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Hennepin County officials, bribes and 74 barrels of hidden whiskey: the Winnipeg Liquor Conspiracy

The Hennepin County sheriff provided guards to the smugglers, while the Hennepin County attorney was on hand to head off any prosecution.

portrait of oscar martinson
Courtesy of the Minnesota Historical Society
Oscar Martinson, ca. 1915
National Prohibition went into effect January 17, 1920. On March 23 — sixty-six days into Prohibition — federal liquor agents arrested Oscar Martinson, sheriff of Hennepin County. Next came William M. Nash, Hennepin County Attorney, indicted April 6, arrested May 13. Martinson pleaded guilty. Nash was acquitted, but Governor J. A. A. Burnquist removed him from office. Nash and Martinson were the highest-ranking Minnesota law enforcement officials prosecuted under Prohibition.

In 1920 William Nash was just thirty-seven; he had for several years been a lawyer and partner with his brother John in a downtown Minneapolis law and real estate business. Oscar Martinson was forty-three, born in Sweden, and had been Minneapolis chief of police from 1913 to 1917 under Mayor William Nye. Both Nash and Martinson had been elected November 1918.

The Volstead Act took effect in January 1920, but by then the importation of whiskey had been forbidden since August 1917, and so-called wartime Prohibition had been in place since November 1918. Criminals and law enforcement both had used the time to practice for the real thing. The later conduct of Nash and Martinson suggests that in Prohibition they saw opportunity for gain.

William M. Nash, April 14, 1918
The plot that brought them down involved just three shipments: 74 barrels of whiskey from Winnipeg hidden in gondola cars of scrap metal and delivered to a Minneapolis scrap yard. The key witness against both men was Minneapolis brothel owner Mike Weisman. He told federal authorities that a bootlegger named Saul Goldberg had asked him to “fix” the sheriff and county attorney so that there would be no trouble with the Winnipeg shipments.

Martinson readily agreed to provide guards — himself and two of his deputies — while the liquor was unloaded. Nash was needed to be on call so that if federal agents appeared the men unloading could quickly be charged in state court, rather than federal court. Nash would ask for low bail, which the men would post, then disappear. Weisman said that when he offered $200 per carload, Nash replied, “I won’t turn a wheel for less than a thousand.” Weisman came up with the thousand. Martinson seems to have gotten less.

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Martinson admitted his rather minor role and got a sentence of two years prison, the maximum. Nash denied everything. At his trial in federal court he had good lawyers and the great advantage that all the witnesses against him were criminals. He was acquitted, but that was not the end of his troubles. Governor Burnquist then moved to remove Nash from office. A week after Nash’s acquittal Burnquist convened a removal hearing at the state capitol.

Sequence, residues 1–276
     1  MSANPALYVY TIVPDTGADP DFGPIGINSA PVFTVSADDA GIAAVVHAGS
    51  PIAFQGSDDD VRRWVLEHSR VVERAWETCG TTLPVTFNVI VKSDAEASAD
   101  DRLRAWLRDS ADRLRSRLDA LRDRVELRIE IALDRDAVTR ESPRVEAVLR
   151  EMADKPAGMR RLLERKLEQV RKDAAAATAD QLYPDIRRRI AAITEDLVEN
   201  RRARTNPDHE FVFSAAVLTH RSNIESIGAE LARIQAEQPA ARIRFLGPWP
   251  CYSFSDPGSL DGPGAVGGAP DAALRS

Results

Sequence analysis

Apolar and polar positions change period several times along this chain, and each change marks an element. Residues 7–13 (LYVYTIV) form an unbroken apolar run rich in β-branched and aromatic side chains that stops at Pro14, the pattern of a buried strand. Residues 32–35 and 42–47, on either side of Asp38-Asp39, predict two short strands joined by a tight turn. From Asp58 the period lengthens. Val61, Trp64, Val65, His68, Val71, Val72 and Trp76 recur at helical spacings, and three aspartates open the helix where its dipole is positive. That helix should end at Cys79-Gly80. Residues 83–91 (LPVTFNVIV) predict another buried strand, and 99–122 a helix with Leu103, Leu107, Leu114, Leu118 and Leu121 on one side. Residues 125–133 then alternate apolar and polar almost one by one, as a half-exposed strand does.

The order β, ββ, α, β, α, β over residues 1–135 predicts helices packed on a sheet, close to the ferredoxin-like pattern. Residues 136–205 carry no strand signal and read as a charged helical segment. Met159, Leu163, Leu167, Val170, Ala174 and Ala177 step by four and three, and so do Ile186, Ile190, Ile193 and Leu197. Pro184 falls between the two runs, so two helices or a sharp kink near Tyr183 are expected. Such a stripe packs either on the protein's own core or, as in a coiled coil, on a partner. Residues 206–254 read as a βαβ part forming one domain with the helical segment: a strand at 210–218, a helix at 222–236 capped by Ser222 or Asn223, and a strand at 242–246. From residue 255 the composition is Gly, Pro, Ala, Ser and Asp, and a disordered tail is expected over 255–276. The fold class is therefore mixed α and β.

At the hearing Nash was accused not only of taking bribes in the liquor cases, but also of accepting two thousand dollars to go easy on four Minneapolis madams arrested for prostitution. The contentious proceedings, front page news, went on more than a week. Nash continued to deny everything, but some of the evidence was damning.

Before Martinson had been charged, he and Nash had visited the federal prosecutor at home to ask if anything could be done to stop it. The four Minneapolis madams were revealed to have rented their brothel space from Nash’s brother and partner, John Nash, at a rate so high that it seemed to include protection from prosecution. Before that, they had rented from Mike Weisman. Governor Burnquist removed Nash from office, but the case was still not over. Nash appealed to the Minnesota supreme court. In December 1920 that court affirmed Governor Burnquist in a divided vote over a blistering dissent.

Both Martinson and Nash recovered. Martinson served one year at Leavenworth, then returned to Minneapolis and opened a detective agency. Soon he moved to southern California, where he worked briefly for the Salvation Army and as a traveling evangelist. Then he found the movies. He became chief security officer for the motion picture company town Universal City. His local obituaries, in 1935, recorded that he had worked as a “motion picture studio director.”

William Nash went back to the private practice of law, and apparently did well. He died, a respected attorney, while on a fishing trip near Brainerd, at age fifty-one.

For more information on this topic, check out the original entry on MNopedia.